When new construction projects break ground across the United States, they regularly encounter archaeological materials. Those materials can represent the last surviving trace of the lives lived by the people who made them; and all too often, those materials turn out to be from cemeteries and burial grounds used by segregated and enslaved African-American communities. These cemeteries typically went undocumented on local and state government maps and graves were often only marked ephemerally, thus making these spaces all but invisible in the present day.
In just the past year, construction projects and archaeological surveys have encountered numerous examples of undocumented African-American burial grounds across the country. Archaeological testing encountered the remains of a 19th century African American burial ground in Philadelphia; construction crews in Fort Bend County, Texas, discovered nearly 100 unmarked graves of African American prison inmates believed to have been forced to work in sugar fields long after emancipation was declared; and, archaeologists working for the Maryland Department of Transportation uncovered a previously unknown slave cemetery in Crownsville, Md.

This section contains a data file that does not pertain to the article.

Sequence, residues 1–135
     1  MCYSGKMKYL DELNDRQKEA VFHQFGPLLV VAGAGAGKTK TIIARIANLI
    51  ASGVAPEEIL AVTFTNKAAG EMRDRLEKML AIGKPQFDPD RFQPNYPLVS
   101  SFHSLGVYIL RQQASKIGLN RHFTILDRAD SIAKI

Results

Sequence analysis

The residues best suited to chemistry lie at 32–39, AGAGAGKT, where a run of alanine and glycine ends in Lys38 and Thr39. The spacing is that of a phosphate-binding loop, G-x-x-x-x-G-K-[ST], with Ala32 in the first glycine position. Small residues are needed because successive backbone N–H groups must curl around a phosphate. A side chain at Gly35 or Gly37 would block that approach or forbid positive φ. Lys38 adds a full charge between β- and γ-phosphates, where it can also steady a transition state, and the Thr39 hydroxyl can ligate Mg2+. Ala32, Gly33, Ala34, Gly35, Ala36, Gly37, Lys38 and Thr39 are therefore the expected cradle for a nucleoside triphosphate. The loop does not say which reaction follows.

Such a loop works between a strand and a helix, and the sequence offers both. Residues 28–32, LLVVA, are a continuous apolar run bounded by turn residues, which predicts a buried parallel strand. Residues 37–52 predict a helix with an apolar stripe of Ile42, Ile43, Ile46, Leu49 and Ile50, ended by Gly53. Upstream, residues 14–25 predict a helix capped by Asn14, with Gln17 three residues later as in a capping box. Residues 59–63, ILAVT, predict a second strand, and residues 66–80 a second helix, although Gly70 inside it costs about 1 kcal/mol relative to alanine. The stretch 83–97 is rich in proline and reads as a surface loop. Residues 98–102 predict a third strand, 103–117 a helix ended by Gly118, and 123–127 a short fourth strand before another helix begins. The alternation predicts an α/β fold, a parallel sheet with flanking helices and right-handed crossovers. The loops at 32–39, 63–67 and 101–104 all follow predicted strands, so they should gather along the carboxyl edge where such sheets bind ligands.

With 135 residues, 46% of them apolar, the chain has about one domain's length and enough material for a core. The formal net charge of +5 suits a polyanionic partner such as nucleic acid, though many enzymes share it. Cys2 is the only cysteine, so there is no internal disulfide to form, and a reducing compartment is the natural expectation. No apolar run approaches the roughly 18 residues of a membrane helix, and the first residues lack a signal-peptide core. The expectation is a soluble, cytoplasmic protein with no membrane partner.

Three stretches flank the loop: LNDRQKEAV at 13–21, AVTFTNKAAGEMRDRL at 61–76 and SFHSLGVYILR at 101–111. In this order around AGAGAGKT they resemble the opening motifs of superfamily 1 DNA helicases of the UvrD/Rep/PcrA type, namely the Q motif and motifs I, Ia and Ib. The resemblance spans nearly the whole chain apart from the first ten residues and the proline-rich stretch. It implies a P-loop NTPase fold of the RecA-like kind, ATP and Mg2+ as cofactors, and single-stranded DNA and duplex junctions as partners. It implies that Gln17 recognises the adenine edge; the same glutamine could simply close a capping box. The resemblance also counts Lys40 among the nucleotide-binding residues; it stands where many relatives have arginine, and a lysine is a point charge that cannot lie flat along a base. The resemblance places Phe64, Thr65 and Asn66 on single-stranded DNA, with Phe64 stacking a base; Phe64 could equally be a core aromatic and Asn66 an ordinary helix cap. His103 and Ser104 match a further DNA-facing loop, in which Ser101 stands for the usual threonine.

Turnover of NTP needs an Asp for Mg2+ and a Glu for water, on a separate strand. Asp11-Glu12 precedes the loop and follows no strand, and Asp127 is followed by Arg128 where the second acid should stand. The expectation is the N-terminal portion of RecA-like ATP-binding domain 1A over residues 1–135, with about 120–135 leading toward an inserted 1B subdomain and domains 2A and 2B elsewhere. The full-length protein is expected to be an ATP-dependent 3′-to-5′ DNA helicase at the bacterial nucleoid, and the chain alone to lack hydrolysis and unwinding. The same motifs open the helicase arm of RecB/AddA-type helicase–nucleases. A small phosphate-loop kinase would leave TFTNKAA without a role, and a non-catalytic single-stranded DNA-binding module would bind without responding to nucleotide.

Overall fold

These are just a handful of examples of the many times in which the lives and eternal resting places of African Americans were “lost” to written history. The stories of their lives, however, have not been lost for good. With dedicated effort, archaeological and archival research can help to reclaim the past and fill in the gaps left in our history books.